Engaging in self-reflection always leads to improvement. After you try something, ask yourself, “What worked about this? What didn’t? Why? What could I do differently?” Don’t worry if something doesn’t initially work the way you had planned. Learning by doing is very effective, and when you reflect you allow yourself the opportunity to improve.
10. Be patient.
It takes time to settle in to a new program or school. Allow yourself time to adjust to your surroundings and the colleagues, children, and parents you will come to interact with on a daily basis.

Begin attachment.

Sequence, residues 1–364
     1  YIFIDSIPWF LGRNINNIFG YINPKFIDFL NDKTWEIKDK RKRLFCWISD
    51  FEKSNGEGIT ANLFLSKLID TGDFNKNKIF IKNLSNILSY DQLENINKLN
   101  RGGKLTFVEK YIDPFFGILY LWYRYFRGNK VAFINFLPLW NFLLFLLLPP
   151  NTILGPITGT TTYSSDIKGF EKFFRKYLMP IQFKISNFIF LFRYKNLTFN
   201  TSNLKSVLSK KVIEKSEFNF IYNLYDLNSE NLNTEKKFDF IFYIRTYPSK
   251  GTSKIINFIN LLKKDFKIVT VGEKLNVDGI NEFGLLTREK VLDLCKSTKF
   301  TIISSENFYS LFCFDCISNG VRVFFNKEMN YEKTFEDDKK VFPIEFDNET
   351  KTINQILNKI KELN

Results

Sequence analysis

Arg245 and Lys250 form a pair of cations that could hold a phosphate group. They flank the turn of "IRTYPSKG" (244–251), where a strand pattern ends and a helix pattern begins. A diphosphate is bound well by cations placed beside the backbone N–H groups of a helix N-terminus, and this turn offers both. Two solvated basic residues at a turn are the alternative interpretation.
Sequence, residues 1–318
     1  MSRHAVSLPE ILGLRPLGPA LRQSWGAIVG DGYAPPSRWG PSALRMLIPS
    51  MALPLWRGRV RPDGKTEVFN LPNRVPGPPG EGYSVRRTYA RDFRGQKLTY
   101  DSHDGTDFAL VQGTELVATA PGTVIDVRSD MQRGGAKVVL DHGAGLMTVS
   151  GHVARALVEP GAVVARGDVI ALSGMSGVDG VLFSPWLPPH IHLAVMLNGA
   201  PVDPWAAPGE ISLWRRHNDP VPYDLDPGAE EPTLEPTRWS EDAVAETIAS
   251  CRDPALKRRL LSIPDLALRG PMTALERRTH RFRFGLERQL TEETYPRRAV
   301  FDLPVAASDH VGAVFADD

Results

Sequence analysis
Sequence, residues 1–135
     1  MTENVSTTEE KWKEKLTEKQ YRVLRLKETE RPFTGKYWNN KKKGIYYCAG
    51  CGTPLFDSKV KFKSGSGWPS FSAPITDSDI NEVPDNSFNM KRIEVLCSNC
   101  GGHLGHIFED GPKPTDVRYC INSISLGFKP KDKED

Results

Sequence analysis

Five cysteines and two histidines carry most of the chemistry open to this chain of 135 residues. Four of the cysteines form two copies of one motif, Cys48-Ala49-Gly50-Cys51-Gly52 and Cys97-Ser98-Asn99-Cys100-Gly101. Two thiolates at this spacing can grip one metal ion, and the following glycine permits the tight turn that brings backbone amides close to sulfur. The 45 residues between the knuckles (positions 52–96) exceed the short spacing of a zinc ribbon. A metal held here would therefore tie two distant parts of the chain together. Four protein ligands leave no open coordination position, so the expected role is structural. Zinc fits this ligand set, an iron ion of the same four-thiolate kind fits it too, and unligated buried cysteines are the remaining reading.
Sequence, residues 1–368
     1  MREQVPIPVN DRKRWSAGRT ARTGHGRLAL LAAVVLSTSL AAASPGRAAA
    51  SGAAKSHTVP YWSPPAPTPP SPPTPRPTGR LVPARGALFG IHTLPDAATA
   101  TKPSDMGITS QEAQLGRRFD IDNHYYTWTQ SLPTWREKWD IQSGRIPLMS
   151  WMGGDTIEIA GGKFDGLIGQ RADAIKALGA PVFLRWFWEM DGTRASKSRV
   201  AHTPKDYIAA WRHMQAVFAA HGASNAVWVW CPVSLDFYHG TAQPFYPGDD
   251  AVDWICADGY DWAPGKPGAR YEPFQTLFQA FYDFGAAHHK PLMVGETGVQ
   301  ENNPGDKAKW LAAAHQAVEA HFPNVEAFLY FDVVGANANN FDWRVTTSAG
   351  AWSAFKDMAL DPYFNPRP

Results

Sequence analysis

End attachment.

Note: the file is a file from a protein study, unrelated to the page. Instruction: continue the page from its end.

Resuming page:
Read Teaching Young Children -- a magazine for preschool teachers and educators.
Each issue provides useful, research-based ideas and activities that preschool teachers, educators, and PreK teachers can use in their classrooms.
Susan Friedman is Senior Director, Publishing and Professional Learning at NAEYC.